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CSR75: Teaching the new generation


#66

IMPRESS YOUR CLIENTS


Ever wanted to set your company apart from all others? What about with an elegant fleet choice? At a low long term cost, the new Dragotec Sweetle consumes merely 3.2 litres of fuel every 100 km. We can guarantee you that even if your employees use their ability to refuel on company debit to go see their lover in France, you will not be in debt. Worried about them crashing these stunning rides? No need, advanced ESC and ERWD systems keep the car in check at all times even with the ones not so blessed with wisdom.

Now a personal fleet of 10 for your company at just $127700


#67

Quicksale wanted!!!

Outdated Unit’s Mk5 2015 Caveron oNe.e in Vivid yellow
10 units avalable
@ a total price of $89049

Caveron oNe.e Model Info:

With it longitudinally mounted 1.9L I4 it produces a respectable 152 hp (@6400rpm) and 176 Ib-ft of torque (@3100 rpm) This gives the Caveron oNe.e the ability to propel itself to a top speed of 124mph/ 200km/h and does 0-60/ 0-100 in 7.86s.
As always to buy a Caveron is to buy performance and reliability. This model is no different, its built to last with it reliability rating in the 25th percentile. Not only all of that, this model has stellar fuel mileage.
( 49.9 MPG US, 60 MPG UK or 4.7L/100km)
That’s not all! The engine in this car is something special built on our S4 platform its primary design target was to be cheap to maintain as well as a good all round engine.

The Caveron oNe.e is a perfect fleet car it is reliable safe and get great fuel mileage. Says the CEO of Caveron Automotive


#68

Baltazar Quark 1.0T EX. Up to 156 mpg* fuel economy.

*UK mpg numbers, driving at a constant 30 km/h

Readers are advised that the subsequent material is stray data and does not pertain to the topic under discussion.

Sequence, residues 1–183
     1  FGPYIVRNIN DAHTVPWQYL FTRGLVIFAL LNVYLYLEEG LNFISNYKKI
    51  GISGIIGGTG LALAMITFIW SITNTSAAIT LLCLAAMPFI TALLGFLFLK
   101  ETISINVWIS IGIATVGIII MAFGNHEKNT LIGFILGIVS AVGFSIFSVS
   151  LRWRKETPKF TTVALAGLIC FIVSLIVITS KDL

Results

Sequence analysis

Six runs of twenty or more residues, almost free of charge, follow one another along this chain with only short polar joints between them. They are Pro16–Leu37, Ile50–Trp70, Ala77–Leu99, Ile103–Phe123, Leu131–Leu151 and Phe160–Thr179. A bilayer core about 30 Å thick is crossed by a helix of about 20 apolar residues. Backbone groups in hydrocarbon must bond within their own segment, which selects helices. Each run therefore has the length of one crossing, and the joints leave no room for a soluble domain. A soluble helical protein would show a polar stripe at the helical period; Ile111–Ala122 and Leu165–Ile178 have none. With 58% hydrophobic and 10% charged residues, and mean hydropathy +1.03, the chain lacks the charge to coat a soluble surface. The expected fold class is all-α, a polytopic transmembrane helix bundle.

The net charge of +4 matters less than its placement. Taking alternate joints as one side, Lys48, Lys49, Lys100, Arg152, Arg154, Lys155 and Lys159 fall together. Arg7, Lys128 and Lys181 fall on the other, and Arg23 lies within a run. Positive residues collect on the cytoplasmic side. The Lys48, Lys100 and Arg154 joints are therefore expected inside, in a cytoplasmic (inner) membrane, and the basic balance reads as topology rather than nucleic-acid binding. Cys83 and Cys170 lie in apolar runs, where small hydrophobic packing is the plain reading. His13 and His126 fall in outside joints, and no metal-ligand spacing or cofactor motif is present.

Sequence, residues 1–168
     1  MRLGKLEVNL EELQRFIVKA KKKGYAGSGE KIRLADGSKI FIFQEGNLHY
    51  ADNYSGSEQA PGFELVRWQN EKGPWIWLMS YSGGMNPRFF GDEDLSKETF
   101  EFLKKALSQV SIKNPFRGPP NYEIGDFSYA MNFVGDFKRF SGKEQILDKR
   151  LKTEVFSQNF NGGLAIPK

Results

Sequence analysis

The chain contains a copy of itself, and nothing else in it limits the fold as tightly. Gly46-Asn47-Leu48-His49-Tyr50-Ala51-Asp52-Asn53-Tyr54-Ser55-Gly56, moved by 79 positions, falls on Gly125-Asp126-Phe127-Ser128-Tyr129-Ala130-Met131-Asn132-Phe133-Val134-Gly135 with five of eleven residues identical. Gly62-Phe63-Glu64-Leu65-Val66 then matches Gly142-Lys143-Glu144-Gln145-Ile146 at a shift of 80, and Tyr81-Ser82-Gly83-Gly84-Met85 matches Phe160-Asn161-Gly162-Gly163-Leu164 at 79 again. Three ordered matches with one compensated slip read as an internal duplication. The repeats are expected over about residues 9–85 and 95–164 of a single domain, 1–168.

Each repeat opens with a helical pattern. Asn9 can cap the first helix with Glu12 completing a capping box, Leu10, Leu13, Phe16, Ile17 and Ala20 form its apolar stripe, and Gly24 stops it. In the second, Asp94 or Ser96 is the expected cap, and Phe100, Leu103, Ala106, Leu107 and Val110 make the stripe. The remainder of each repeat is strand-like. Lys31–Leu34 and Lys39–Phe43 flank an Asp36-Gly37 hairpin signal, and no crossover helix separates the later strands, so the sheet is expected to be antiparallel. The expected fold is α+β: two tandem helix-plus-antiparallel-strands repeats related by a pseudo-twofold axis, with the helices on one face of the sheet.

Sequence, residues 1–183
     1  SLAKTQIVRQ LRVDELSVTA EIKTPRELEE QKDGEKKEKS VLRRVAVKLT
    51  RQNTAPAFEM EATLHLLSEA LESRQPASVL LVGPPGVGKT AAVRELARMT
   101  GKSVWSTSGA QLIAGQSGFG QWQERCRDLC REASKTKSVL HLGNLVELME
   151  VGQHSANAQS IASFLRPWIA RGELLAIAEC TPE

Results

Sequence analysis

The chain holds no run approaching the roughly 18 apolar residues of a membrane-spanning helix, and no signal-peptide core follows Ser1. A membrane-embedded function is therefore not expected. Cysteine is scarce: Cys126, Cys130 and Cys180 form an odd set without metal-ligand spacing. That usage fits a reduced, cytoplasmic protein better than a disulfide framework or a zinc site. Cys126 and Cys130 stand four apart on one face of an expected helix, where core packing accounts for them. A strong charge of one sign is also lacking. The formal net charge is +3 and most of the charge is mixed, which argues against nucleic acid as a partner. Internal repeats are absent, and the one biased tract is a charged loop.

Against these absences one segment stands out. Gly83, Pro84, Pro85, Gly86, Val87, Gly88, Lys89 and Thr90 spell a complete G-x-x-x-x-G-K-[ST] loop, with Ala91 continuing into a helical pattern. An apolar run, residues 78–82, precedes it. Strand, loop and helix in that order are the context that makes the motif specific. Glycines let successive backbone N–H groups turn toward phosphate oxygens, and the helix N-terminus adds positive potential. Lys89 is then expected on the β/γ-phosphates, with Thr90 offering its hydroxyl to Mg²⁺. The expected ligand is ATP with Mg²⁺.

#69

excuse me how why what?


#70

Probably done in a lab somewhere with a midget driving ad with an oxygen canister hooked up to the intake :joy:


#71


He looked in the fuel economy tab.


#72

For Sale


Lot of ten (10) Delta Muso SporT, 2015 M.Y. Ex-company lease vehicles in good condition and with low mileage.
Price for entire lot: €67 220 ($78,403) incl. taxes.


#73

Deadline has been reached

I’ll bring the first batch of reviews hopefully within 24 hours.


#74

Francisco is looking for a car: part 1.

A late June morning. Francisco sets out with destination the industrial area in search of dealerships that might have what he needs.

The first dealership he arrives at is Safe Motoring.

Hanson Heron 1.8 Ti

Right after walking into the Safe Motoring dealership, Francisco was greeted by a saleswoman. After telling her what he was looking for, the saleswoman took him to the Heron. Upon a first look at the car, the strong blue and the simple styling (specially on the rear) were off putting, but Francisco decided to give the car a chance.

Construction wise it was pretty standard, monocoque structure, all around independent suspension, front transverse engine sending the power to the front wheels…two liter engine, which might fatten the tax horsepower rates, but if it’s good enough it could be given a pass. 6 speed manual transmission, complies with the rules for the B license…interior was more than adequate as well. The quoted fuel economy of 4.3 l/100k and claims from the saleswoman that it was quite reliable sealed a test drive for the Heron the following Monday.

Keika Hop Junior